Rep. Ann Kirkpatrick is proposing a 5 percent pay cut for members of Congress.
“In the face of our ever-deepening federal debt, the federal government must follow their example by finding common-sense solutions to do more with less,” she told The Hill.
A noble sentiment. And one that would save $8700 per member. With 535 members of the House and Senate, the total savings are $4.65 million.
The federal government is on track to spend about $3.8 trillion this year. Trimming $4.65 million means that for every $816,502 the federal government spends, it would save one dollar.
Rep. Kirkpatrick is proposing a 0.00122 percent spending cut. That’s not even a rounding error.
I do not intend to mock Rep. Kirkpatrick. Her spending cut is better than nothing, and I am glad she is proposing it. But placed in proper context, it is very, very small. It is a largely symbolic proposal, and should be treated as such. A 5 percent pay cut for Congress is no austerity measure.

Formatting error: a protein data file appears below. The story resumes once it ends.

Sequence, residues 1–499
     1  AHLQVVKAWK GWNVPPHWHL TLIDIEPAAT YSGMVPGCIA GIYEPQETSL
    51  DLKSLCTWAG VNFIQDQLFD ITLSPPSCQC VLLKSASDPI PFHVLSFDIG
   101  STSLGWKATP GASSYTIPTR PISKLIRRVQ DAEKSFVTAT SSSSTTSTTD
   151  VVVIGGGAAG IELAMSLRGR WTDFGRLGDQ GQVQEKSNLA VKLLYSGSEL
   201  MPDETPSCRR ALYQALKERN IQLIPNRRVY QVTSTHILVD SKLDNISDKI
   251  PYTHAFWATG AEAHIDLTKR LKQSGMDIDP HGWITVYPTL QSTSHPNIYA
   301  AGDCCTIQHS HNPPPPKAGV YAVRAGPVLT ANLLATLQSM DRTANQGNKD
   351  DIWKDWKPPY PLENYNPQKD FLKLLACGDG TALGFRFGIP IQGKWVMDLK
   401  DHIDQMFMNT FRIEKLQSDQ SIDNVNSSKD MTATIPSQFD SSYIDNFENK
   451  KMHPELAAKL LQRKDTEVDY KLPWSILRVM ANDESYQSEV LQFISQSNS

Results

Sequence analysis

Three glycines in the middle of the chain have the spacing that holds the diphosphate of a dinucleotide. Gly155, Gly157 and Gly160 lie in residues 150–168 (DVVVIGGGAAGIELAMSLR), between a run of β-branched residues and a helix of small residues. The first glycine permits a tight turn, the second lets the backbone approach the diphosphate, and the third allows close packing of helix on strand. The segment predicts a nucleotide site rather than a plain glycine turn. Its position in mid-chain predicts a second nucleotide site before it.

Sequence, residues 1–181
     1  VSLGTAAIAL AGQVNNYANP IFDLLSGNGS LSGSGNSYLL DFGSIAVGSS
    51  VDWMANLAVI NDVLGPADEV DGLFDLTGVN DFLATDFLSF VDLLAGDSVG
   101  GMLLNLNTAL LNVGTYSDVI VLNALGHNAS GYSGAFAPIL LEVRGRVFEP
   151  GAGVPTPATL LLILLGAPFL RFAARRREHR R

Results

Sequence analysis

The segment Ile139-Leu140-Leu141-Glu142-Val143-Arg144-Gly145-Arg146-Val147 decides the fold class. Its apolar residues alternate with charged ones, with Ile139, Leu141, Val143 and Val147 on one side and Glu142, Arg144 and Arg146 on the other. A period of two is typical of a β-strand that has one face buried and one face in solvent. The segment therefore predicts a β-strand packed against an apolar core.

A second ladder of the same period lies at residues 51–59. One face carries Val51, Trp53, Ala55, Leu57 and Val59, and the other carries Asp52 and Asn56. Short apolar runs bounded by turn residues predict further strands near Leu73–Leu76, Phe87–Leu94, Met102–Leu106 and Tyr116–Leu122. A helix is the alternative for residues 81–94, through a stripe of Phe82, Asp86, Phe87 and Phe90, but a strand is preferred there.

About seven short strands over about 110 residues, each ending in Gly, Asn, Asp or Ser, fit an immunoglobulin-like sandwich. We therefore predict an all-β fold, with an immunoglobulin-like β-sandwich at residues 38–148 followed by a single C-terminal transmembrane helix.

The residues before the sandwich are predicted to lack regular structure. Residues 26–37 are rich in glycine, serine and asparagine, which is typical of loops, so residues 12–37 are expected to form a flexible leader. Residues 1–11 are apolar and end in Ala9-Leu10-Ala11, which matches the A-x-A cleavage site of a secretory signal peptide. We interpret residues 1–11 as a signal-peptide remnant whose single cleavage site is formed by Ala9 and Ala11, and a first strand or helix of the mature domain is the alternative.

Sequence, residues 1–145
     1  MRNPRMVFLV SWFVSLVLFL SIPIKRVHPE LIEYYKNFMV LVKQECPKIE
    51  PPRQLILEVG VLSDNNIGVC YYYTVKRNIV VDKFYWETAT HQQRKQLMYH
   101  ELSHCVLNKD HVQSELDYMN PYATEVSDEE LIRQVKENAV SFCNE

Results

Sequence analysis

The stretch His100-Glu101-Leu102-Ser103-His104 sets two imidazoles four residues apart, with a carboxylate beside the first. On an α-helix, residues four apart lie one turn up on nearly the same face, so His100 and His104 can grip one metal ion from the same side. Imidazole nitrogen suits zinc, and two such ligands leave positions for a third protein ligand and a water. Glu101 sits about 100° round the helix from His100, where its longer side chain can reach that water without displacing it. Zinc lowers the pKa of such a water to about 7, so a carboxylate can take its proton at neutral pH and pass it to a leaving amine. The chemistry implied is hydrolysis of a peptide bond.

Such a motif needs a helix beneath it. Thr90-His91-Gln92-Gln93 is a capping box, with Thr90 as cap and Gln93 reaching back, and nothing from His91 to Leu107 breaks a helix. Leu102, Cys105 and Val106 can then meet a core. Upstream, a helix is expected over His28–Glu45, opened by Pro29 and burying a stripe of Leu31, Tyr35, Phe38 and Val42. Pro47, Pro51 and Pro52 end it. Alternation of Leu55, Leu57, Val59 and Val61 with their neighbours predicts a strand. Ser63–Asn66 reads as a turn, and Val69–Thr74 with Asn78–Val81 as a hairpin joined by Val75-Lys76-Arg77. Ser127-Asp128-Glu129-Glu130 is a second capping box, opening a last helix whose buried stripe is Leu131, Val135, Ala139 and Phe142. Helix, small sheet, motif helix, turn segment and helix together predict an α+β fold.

More fundamental solutions would involve fundamental entitlement reform paired with a deregulatory stimulus. Cato’s Chris Edwards has some other spending cut ideas that deserve a serious look. They total $380 billion, or ten percent of federal spending.